The Islamic New Year, also known as Al Hijri, is celebrated on the first day of Muharram, which is also the second pious month after the month of Ramadan. Depending on the moon sighting, Muslims across the world celebrated Al Hijri 1442 on August 20 as Muharram 01st 1442.
An Islamic calendar is said to have 354 days, while the Gregorian calendar consists of 365 days. It consists of twelve months, which are al-Muharram, Safar, Rabi-al-Thani, Jumada al-Awwal, Jumada ath-Thaniyah, Rajab, Shaban, Ramadan, Shawwal, Zu al-Qadah and Zu al-Hijjah.
The Islamic New Year marks the beginning of the Muslim era. Also called Hijri New Year or Hijrah (in Arabic), it coincides with the Prophet’s journey from Mecca to Medina on the first day of Muharram in 622 CE. It is held as the second holiest month after Ramadan. Prophet Mohammed had to relocate due to someone’s intentions of executing him. He chose to move to a town known as Yathrib, about 320 km north of Mecca. Yathrib in today’s age is known as Medina, located in modern-day Saudi Arabia, and means ‘the city’.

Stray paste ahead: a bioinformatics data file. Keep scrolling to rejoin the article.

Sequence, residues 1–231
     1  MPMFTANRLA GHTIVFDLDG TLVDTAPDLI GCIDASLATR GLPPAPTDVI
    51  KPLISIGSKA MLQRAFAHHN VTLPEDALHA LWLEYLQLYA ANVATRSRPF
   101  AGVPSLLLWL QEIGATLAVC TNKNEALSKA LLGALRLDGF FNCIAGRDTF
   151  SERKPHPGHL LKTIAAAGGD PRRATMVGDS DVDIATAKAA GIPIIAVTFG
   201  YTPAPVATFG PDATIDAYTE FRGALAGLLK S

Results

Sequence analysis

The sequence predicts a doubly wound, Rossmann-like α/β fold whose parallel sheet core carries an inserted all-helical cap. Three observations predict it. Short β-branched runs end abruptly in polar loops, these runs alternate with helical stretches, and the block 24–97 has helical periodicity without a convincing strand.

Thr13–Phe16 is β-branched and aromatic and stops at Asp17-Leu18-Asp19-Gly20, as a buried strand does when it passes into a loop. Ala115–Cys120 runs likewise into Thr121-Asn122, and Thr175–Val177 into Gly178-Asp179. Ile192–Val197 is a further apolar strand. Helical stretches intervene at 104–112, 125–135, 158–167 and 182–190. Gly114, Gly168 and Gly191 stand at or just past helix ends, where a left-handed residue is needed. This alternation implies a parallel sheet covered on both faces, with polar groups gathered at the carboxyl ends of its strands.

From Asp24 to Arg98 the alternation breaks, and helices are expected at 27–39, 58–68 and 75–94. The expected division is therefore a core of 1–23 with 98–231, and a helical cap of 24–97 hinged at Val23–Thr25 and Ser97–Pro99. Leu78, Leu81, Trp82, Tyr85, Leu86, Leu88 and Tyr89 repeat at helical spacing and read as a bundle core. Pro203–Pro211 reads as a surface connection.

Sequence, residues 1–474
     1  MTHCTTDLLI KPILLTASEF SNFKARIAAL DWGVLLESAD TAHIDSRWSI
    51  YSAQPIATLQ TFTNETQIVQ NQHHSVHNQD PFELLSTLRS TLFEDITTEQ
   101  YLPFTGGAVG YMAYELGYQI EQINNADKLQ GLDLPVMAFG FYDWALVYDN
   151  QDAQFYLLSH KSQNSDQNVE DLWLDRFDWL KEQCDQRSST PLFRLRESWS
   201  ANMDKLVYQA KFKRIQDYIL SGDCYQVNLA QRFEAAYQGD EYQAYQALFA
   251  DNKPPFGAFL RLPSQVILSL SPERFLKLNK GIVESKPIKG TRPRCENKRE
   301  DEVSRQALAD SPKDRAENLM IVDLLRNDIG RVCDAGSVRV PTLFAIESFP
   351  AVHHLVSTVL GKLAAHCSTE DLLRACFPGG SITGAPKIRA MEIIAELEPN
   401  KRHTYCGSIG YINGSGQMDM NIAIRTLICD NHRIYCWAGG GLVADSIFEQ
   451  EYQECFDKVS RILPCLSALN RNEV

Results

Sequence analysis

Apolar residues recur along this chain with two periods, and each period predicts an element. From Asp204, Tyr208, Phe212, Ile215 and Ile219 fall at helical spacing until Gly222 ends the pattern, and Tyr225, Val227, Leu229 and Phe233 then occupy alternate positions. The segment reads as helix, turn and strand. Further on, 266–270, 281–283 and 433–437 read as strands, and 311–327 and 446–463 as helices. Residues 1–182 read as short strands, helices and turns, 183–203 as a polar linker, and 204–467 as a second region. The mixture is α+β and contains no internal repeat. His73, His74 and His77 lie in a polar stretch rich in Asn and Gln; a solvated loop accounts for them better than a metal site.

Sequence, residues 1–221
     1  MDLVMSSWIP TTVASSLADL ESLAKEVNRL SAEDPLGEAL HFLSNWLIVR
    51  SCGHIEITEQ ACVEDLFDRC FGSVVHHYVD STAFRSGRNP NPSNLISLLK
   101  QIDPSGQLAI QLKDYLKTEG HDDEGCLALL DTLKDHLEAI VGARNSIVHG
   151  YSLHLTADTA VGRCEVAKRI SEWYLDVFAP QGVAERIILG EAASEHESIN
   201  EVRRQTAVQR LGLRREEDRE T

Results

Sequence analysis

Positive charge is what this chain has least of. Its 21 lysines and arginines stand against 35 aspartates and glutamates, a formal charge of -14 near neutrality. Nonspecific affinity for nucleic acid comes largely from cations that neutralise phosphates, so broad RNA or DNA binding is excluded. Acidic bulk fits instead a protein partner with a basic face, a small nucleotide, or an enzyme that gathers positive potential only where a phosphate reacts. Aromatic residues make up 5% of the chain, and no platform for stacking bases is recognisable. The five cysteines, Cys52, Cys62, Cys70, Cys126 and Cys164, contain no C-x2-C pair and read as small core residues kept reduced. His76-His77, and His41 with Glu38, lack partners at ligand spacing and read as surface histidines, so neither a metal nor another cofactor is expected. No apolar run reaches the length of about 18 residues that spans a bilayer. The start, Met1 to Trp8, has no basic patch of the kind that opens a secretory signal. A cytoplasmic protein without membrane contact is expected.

Islamic years are followed by the letter H, for Hijrah (Hijri New Year), or AH which stands for the Latin term Anno Hegirae meaning ‘in the year of the Hijrah’. This year will be the commencement of 1442 AH.